2020 Carl G. Hempel Lecture #3: "Plural signification and semantic paradox"

Date
Sep 23, 2020, 4:00 pm6:00 pm
Location
Virtual event

Speaker

Details

Event Description

Series title: "The Multiplicity of Meaning"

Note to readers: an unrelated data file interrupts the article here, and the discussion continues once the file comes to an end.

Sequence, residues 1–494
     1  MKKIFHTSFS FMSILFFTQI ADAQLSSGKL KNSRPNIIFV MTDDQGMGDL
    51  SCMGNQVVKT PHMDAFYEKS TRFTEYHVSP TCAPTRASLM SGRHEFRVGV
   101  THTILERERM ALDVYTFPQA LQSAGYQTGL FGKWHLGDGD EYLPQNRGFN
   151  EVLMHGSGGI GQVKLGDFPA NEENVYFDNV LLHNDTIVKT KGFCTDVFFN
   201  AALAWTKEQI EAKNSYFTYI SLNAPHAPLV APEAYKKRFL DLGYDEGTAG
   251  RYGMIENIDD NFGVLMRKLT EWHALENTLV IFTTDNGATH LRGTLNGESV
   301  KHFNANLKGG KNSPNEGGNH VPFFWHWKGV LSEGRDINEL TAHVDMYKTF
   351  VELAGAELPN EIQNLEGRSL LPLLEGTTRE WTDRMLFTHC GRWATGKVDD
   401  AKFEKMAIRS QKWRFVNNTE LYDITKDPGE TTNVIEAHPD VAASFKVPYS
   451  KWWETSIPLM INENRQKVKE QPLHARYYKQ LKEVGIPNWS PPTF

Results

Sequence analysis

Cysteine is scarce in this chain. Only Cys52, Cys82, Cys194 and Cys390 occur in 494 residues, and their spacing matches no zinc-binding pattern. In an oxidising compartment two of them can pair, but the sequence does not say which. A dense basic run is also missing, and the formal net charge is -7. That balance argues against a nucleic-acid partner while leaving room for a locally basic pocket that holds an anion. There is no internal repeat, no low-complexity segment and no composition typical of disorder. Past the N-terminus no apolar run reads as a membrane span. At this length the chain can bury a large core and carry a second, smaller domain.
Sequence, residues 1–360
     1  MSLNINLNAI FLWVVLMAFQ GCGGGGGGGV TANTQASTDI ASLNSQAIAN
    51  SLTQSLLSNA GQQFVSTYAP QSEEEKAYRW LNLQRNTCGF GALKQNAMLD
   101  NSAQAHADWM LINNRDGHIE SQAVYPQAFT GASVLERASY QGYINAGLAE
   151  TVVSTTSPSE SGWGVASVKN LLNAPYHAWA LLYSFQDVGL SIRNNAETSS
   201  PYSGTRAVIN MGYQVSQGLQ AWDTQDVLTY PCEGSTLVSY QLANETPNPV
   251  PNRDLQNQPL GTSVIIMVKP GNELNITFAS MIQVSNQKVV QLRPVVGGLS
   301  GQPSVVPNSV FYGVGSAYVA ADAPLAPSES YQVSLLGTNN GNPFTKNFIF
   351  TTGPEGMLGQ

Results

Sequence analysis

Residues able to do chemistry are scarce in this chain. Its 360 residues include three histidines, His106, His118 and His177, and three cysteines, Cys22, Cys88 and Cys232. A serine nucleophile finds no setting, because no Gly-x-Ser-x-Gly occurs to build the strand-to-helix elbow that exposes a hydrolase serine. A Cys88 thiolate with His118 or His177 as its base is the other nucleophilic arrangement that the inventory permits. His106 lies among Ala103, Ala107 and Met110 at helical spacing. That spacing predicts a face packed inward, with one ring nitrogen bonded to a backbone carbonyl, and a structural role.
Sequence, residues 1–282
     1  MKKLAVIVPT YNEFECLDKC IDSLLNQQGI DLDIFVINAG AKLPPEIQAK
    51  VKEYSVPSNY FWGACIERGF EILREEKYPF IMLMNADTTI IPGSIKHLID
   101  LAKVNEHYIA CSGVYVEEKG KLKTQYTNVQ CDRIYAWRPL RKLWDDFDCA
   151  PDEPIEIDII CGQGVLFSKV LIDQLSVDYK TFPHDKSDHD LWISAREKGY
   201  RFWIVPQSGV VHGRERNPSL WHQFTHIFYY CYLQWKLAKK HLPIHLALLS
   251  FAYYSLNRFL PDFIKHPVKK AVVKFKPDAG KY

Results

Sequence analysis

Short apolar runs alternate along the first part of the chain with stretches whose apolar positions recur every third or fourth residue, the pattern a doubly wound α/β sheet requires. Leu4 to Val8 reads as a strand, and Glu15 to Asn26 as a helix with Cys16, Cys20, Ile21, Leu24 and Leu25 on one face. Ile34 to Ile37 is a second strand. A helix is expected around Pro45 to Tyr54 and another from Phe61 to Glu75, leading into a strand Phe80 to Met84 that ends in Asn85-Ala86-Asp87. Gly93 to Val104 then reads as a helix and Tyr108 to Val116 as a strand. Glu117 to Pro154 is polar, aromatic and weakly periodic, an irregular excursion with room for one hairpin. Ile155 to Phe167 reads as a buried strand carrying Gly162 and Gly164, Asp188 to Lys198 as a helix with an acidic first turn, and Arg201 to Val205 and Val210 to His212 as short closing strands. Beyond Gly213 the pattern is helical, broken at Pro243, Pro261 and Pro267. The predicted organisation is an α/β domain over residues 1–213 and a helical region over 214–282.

Abstract:  Suppose that Socrates is saying that not everything Socrates is saying is true. (Perhaps he has forgotten who he is, sees someone else saying that snow is black, and wrongly believes that that person is Socrates.) If everything he is saying is true, then since one of the things he’s saying is that not everything he is saying is true, one of the things he’s saying is false: a contradiction. So, not everything he’s saying is true. But then one of the things he’s saying—namely, that not everything he’s saying is true—is true. So, he is saying at least two things. This is sometimes called “Prior’s Paradox”, after A.N. Prior who first formalized it (though the argument was already implicitly endorsed by Buridan in the 1320s). But there is nothing paradoxicalabout it, unless one antecedently assumes that anyone uttering just one sentence is thereby saying at most one thing. Following Buridan, I think it’s just a good argument against that assumption. Other “semantic paradoxes”, like the Liar, likewise turn out under inspection simply to be sound arguments for the one-many character of various other semantic relations. For example, we can argue that ‘This sentence expresses something false’ expresses at least two things, namely something false, and the truth that it expresses something false. In some closely related cases, we can strengthen ‘at least two’ to ‘infinitely many’. These claims of multiplicity might seem arbitrary or mysterious if they were thought of merely as escape routes to block paradox. But I will claim that in the context of the more general Plural Signification picture and the arguments from the previous lectures, they make intuitive and theoretical sense, and show how that picture provides a satisfactory resolution of the paradoxes that have plagued philosophical thought about semantic relations since the beginning.

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